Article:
A report in this paper that the total water storage capacity of the country has gone down by 29 percent in part due to dwindling storage of large dams is quite chilling. The big dams including Tarbela, Mangla and Chashma have greatly lost their storage capacity due to silting. There are limitations in removing the silt. Thus, it is obvious that new reservoirs like Kalabagh must be built.
Electricity is a key to Ethiopia’s future. However, historically, proposed exploitation of these resources has brought it in to diplomatic conflict with downstream states, namely Egypt. Now Ethiopia has more successfully levied its regional diplomatic power to ensure the Egyptian government is no longer able to block its attempts to produce the hydroelectric power and irrigation necessary to power its growing economy.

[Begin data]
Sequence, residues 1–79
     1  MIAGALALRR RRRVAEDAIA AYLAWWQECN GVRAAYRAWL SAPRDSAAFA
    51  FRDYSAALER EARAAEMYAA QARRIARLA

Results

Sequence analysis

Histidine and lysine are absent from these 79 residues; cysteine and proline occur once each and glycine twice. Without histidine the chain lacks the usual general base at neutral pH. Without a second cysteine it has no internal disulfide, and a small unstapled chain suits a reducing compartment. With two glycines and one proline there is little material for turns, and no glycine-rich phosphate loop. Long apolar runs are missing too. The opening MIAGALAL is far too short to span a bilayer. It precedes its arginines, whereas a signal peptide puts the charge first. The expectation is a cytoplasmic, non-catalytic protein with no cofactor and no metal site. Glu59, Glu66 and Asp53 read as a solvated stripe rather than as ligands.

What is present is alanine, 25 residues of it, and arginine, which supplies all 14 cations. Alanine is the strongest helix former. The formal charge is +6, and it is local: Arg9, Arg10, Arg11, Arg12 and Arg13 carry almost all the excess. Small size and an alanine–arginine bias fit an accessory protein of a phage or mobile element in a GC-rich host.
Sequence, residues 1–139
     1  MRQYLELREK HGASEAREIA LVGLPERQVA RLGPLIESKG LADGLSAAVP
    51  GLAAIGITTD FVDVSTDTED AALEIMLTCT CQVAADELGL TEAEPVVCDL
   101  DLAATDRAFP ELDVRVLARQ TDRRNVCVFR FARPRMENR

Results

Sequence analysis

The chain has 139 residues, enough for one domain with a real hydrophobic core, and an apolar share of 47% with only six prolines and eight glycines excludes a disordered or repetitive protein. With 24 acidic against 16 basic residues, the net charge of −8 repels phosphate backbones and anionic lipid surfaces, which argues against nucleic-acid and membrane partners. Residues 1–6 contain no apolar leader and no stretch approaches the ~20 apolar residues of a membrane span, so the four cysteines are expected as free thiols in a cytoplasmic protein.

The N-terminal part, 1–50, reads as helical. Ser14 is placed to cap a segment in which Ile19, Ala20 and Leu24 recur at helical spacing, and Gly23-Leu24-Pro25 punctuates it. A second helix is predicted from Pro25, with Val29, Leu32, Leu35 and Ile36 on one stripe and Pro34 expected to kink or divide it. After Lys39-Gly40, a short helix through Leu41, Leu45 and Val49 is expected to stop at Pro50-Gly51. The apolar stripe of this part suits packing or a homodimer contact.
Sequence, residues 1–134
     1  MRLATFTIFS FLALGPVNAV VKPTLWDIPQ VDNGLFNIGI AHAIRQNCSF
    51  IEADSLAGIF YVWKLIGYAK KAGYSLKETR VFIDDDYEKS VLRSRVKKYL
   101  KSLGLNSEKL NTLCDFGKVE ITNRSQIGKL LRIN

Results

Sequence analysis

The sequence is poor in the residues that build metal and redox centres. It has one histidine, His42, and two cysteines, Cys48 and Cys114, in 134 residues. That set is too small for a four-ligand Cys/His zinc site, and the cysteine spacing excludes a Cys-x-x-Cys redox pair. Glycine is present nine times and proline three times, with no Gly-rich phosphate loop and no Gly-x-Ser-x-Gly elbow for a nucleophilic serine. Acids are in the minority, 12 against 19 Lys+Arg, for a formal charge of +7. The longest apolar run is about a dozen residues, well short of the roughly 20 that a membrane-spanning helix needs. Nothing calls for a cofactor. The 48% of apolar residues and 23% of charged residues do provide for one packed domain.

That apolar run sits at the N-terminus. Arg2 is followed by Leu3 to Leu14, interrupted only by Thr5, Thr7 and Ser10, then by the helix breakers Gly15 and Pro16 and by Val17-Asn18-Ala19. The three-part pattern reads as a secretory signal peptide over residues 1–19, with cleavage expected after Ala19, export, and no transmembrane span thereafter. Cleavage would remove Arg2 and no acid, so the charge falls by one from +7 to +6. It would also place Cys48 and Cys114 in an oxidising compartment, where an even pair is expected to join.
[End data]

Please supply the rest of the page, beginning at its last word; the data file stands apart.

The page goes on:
I was glad to see more than 200 people in the audience for a discussion on water, peace, and security on the margins of the 67th meetings of the UN General Assembly yesterday. The United States, the European Union, and UN-Water co-sponsored the event, which drew senior representatives from governments, UN agencies, and international financial institutions.
The Dutch government has set up a new Water Diplomacy Consortium to help resolved water conflicts around the world. Conflict over water is an increasing problem all over the world and the Netherlands has a unique combination of expertise in water management and international law.
“Since last year, we have partnered with NGOs like World Vision to sink boreholes in the affected areas so that residents can have enough water for their livestock and domestic use. We also encourage them to use the water to grow vegetables and maize to complement livestock keeping.”